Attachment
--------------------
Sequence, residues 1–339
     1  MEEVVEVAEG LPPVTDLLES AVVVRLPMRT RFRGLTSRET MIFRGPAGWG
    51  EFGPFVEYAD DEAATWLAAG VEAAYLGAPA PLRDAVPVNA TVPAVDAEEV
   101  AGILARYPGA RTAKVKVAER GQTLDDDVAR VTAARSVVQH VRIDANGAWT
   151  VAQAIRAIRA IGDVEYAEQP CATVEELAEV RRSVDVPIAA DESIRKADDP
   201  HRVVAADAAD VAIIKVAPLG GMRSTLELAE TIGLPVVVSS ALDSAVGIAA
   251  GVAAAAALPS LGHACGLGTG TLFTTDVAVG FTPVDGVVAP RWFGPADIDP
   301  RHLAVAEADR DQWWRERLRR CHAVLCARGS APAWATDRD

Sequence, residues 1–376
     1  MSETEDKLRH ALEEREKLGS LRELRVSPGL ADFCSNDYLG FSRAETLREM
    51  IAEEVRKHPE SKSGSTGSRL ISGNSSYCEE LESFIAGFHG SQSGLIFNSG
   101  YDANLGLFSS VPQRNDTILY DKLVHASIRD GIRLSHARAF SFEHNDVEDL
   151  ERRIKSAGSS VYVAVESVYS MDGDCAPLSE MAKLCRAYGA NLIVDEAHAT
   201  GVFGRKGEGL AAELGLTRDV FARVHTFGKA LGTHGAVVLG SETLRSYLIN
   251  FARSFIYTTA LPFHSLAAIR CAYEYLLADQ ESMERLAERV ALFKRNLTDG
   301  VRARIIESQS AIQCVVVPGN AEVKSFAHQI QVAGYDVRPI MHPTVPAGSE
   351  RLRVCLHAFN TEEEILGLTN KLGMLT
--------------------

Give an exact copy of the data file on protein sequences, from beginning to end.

Sequence, residues 1–339
     1  MEEVVEVAEG LPPVTDLLES AVVVRLPMRT RFRGLTSRET MIFRGPAGWG
    51  EFGPFVEYAD DEAATWLAAG VEAAYLGAPA PLRDAVPVNA TVPAVDAEEV
   101  AGILARYPGA RTAKVKVAER GQTLDDDVAR VTAARSVVQH VRIDANGAWT
   151  VAQAIRAIRA IGDVEYAEQP CATVEELAEV RRSVDVPIAA DESIRKADDP
   201  HRVVAADAAD VAIIKVAPLG GMRSTLELAE TIGLPVVVSS ALDSAVGIAA
   251  GVAAAAALPS LGHACGLGTG TLFTTDVAVG FTPVDGVVAP RWFGPADIDP
   301  RHLAVAEADR DQWWRERLRR CHAVLCARGS APAWATDRD

Sequence, residues 1–376
     1  MSETEDKLRH ALEEREKLGS LRELRVSPGL ADFCSNDYLG FSRAETLREM
    51  IAEEVRKHPE SKSGSTGSRL ISGNSSYCEE LESFIAGFHG SQSGLIFNSG
   101  YDANLGLFSS VPQRNDTILY DKLVHASIRD GIRLSHARAF SFEHNDVEDL
   151  ERRIKSAGSS VYVAVESVYS MDGDCAPLSE MAKLCRAYGA NLIVDEAHAT
   201  GVFGRKGEGL AAELGLTRDV FARVHTFGKA LGTHGAVVLG SETLRSYLIN
   251  FARSFIYTTA LPFHSLAAIR CAYEYLLADQ ESMERLAERV ALFKRNLTDG
   301  VRARIIESQS AIQCVVVPGN AEVKSFAHQI QVAGYDVRPI MHPTVPAGSE
   351  RLRVCLHAFN TEEEILGLTN KLGMLT